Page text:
Career Concepts


At some point in your career, you might have found yourself in a job you like with colleagues you get along with, but you don’t feel like you fit in socially.

Maybe your co-workers regularly headed to Chili’s for lunch while you sat in the break room and ate reheated pizza. Maybe they always made plans to see country music artists, and you hate country music. Maybe they were always referencing millennial things and you’re a Gen-Xer.

Not fitting in with your colleagues isn’t the end of the world, but it can make your job less satisfying than it should be. No matter how hard it might seem to make personal connections with your co-workers, don’t write off the situation. There are a number of things you can do to create lasting bonds with your colleagues.

Find the root cause

First of all, you should be honest with yourself and your efforts to connect. Have you gone to social gatherings? Have you tried to show genuine interest in others? What are you doing to gain friends in your personal life that you aren’t doing at work?

If you feel you’ve been friendly and made a genuine effort, the issue might not be you. If you can’t seem to fit in despite your best efforts, you can compensate by being more social outside of the office. However, if you need to feel connected to people at work to feel satisfied, or you feel caught in a toxic culture, you might want to consider a different department in the same company or even a different employer.

Be yourself

If you’ve taken a hard look in the mirror and realized you haven’t been completely dedicated to fitting in, it can be hard to hit the reset button and start to form bonds with people. Being yourself, however, is a good start.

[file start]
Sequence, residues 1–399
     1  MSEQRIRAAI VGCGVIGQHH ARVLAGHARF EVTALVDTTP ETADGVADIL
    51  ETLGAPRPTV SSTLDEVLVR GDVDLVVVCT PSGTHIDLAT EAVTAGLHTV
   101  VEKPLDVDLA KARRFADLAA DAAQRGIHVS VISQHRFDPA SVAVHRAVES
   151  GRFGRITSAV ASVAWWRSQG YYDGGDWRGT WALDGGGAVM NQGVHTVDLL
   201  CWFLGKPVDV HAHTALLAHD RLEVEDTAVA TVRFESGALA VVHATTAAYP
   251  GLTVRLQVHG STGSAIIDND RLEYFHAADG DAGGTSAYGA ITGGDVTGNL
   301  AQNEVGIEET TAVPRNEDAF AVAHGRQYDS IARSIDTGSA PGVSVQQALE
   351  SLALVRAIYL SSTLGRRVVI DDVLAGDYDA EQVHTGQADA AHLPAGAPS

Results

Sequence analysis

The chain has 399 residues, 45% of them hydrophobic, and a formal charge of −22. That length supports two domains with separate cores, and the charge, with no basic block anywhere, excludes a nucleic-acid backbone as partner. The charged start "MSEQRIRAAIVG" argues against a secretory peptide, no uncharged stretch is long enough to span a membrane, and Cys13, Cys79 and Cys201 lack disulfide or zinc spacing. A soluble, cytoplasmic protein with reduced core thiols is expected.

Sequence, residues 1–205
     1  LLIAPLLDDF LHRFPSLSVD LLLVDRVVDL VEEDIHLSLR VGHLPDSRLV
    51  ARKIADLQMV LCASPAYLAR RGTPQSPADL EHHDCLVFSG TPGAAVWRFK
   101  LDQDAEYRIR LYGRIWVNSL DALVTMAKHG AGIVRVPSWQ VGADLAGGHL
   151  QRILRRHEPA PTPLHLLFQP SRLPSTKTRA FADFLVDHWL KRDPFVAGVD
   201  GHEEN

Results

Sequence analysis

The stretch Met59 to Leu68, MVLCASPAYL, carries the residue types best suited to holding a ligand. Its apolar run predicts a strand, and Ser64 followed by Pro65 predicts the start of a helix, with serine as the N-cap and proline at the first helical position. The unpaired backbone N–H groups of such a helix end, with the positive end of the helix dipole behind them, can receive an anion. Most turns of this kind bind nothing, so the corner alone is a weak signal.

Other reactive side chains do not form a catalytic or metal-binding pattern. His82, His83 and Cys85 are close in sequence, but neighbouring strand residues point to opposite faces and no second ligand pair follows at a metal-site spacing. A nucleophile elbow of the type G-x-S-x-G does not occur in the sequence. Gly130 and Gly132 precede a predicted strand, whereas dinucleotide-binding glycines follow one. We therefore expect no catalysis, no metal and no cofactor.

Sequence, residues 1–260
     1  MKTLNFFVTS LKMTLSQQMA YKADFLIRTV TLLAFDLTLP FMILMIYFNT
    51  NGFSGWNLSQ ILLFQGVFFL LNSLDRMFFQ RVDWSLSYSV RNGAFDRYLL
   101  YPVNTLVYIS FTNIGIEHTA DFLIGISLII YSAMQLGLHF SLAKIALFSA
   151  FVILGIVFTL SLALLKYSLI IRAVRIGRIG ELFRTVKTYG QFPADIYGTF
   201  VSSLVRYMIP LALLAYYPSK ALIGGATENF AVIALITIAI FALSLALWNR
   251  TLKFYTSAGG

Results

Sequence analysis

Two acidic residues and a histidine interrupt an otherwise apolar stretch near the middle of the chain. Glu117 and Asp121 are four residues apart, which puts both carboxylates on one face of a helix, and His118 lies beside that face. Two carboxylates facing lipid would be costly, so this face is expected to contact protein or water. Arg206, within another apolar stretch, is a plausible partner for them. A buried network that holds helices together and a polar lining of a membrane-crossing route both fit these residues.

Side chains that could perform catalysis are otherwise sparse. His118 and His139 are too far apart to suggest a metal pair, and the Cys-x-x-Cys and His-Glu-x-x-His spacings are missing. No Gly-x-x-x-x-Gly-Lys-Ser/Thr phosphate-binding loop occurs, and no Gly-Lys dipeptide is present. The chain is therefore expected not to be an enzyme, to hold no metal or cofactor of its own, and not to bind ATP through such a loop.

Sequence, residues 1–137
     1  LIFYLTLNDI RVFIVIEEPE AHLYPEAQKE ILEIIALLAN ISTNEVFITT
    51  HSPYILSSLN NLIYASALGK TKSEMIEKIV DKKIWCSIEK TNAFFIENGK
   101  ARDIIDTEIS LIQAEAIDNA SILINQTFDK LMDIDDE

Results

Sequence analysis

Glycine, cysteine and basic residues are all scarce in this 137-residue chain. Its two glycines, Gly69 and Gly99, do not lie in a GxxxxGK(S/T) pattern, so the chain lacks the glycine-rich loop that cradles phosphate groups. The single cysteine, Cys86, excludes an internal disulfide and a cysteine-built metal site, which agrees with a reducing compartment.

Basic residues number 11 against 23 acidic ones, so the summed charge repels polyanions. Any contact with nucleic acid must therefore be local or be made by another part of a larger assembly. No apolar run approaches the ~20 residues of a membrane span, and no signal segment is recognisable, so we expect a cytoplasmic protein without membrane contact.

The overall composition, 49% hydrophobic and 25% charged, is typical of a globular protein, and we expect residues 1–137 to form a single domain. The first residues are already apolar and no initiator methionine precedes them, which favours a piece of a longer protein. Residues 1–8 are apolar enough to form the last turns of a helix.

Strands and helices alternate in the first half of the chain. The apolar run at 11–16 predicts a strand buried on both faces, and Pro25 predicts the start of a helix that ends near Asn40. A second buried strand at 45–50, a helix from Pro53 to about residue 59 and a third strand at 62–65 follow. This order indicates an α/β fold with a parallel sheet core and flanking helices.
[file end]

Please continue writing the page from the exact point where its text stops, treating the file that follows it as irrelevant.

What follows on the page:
Try channeling your interests and strengths to connect with others. For instance, if you’re passionate about cooking, you could suggest holding chili cook-off or cookie exchange around the holidays. Or, if you’re proud of your family traditions, you could share photos of your family functions and ask co-workers about their traditions.

By genuinely sharing parts of yourself, without bragging, you should be able to find common ground with your co-workers and lay the foundation for more personal relationships.

Be open-minded

Sometimes, we close ourselves off to other people simply because we don’t connect with them right away. It’s important not to get discouraged if you don’t form instant bonds during your first week on the job.

The best way to overcome this situation is to get outside your comfort zone and interact with people who you might normally avoid outside the office. Don’t write-off a co-worker simply because she has political views you don’t agree with or a lifestyle you can’t relate to.

In being open to getting along with different kinds of people, you’re not only making it easier for yourself at work; you’re also growing on a personal level.

At Career Concepts, we fully support the transition of our workers into a new work environment so they can succeed in their job. Please contact us today to find out how we can help you take the next step on your career.


Contact Us Today


Leave a Reply